Nieman Foundation at Harvard
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Oct. 20, 2008, 2:13 p.m.

Anonymity after the fact

Siobhain Butterworth, The Guardian’s ombudsman, writes about changing the content of past newspaper stories to please readers. When a news story’s life-after-publication was limited to dusty library stacks, an embarrassing anecdote could go safely unnoticed. But when it falls within the searching power of Google, it takes on a life of its own.

Butterworth writes about three people who had revealed their long-ago criminal acts for the newspaper, either in a blog post written for the paper or in the course of an interview with a reporter. All three had second thoughts after publication. The Guardian agreed, in each case, to change the person’s name to a pseudonym:

The established view is that a newspaper’s online archive is a historical record and that there is therefore a strong public interest in maintaining its wholeness, unless deletions or amendments are strictly necessary…It’s impossible to come up with rigid criteria, and decisions made on a case-by-case basis produce inconsistencies. Saying yes to all requests for the removal of material that causes the people concerned distress or hinders their employment prospects would be easier, but it’s a solution that, over time, will leave a patchy and unreliable record of what was published…A less extreme solution, which was adopted in the three cases mentioned earlier, is to replace a real name with a pseudonym and add a footnote explaining that the change has been made. It’s not ideal, but it’s preferable to re-writing history completely by deleting an article, blog post or letter and pretending that it didn’t exist.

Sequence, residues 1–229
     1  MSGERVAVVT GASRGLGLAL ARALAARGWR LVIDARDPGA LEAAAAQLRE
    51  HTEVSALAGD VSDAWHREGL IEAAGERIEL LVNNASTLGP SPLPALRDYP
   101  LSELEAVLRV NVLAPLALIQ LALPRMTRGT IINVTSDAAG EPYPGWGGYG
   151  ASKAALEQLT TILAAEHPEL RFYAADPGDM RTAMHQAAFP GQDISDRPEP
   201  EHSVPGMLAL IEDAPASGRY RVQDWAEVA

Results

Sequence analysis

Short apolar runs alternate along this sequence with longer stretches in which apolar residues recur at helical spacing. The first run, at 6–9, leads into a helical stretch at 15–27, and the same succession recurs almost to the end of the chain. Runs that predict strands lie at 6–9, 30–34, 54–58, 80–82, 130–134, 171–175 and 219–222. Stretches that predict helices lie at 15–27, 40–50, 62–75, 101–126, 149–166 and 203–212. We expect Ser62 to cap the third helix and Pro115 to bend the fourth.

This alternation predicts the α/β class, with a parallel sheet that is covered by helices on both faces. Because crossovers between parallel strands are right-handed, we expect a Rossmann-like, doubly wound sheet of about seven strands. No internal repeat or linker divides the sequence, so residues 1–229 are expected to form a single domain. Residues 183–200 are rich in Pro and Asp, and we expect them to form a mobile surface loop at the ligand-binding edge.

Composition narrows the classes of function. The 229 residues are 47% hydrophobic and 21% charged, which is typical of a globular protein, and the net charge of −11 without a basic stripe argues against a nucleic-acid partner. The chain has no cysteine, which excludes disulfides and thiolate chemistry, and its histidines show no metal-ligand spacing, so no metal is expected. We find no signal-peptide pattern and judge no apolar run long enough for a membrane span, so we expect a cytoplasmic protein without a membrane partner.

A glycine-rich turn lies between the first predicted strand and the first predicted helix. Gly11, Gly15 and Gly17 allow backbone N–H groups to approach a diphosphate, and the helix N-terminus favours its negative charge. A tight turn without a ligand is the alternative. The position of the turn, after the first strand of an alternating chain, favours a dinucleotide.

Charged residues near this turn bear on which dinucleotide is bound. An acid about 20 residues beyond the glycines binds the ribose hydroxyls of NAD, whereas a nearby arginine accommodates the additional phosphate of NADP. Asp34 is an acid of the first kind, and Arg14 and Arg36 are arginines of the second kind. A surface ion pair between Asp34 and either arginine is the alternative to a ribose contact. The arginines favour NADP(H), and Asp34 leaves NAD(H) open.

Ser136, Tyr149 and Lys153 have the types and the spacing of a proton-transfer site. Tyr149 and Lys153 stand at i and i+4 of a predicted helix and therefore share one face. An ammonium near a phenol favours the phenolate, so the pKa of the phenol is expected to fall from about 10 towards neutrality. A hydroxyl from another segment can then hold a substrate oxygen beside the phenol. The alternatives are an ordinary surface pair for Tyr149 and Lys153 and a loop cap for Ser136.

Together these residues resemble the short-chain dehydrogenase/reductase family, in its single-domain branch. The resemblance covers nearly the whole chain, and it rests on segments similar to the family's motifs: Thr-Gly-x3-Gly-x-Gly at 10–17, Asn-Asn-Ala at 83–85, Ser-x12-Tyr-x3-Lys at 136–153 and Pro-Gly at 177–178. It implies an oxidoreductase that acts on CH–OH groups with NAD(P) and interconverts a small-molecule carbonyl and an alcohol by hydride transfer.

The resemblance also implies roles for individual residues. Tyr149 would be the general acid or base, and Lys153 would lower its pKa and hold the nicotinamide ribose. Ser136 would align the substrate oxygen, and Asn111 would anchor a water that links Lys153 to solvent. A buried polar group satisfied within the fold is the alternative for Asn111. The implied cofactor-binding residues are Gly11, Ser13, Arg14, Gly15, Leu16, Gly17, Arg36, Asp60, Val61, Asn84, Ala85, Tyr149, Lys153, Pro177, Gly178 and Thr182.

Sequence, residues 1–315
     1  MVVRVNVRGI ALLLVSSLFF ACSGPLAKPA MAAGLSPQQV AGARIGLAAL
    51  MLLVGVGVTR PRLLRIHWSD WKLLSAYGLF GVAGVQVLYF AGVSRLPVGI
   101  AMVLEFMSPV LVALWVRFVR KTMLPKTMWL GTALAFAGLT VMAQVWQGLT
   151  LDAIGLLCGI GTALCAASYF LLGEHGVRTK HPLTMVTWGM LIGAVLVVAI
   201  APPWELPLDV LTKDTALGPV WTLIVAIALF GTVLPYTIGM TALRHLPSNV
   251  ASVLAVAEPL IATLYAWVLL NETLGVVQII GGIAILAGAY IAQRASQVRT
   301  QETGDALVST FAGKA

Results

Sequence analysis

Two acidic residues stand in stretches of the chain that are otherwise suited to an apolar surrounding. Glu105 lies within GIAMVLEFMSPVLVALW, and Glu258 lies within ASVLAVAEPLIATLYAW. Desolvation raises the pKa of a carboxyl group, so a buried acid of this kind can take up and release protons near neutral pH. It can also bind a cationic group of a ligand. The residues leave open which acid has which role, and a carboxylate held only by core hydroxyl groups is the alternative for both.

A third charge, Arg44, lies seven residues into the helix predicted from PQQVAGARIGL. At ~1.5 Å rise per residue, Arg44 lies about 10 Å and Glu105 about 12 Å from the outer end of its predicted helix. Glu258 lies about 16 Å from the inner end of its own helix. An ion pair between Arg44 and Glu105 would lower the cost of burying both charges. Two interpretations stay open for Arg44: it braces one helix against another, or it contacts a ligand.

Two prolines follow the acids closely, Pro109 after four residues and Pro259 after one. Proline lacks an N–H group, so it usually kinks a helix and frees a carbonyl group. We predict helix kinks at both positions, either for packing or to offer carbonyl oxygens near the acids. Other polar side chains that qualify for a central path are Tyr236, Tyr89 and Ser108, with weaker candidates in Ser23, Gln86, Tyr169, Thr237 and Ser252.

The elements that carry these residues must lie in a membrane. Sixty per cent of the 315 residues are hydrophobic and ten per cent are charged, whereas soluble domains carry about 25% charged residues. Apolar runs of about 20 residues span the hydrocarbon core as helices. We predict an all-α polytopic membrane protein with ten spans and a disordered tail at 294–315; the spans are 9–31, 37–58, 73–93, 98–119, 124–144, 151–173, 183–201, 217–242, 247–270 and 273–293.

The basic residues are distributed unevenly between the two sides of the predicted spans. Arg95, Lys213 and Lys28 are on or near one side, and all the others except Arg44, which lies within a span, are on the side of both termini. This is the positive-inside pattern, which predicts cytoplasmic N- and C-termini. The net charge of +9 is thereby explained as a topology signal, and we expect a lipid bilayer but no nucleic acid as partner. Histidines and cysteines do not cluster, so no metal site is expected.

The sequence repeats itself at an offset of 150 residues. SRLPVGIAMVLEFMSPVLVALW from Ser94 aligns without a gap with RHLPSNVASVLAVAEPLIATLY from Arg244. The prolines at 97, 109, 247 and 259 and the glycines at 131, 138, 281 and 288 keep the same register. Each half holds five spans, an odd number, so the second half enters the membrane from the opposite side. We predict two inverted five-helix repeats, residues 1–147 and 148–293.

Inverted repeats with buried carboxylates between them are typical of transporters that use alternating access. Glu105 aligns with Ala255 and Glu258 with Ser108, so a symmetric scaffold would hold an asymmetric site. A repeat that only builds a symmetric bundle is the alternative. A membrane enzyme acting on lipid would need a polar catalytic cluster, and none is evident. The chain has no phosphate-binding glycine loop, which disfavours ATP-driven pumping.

I’ve had people email me, years after being mentioned on my personal blog, and asked to be anonymized or removed from the archives. In a couple of cases, I’ve done it. But a personal blog is not the same, of course, as The Guardian’s archives. Do you think The Guardian made the right call?

POSTED     Oct. 20, 2008, 2:13 p.m.
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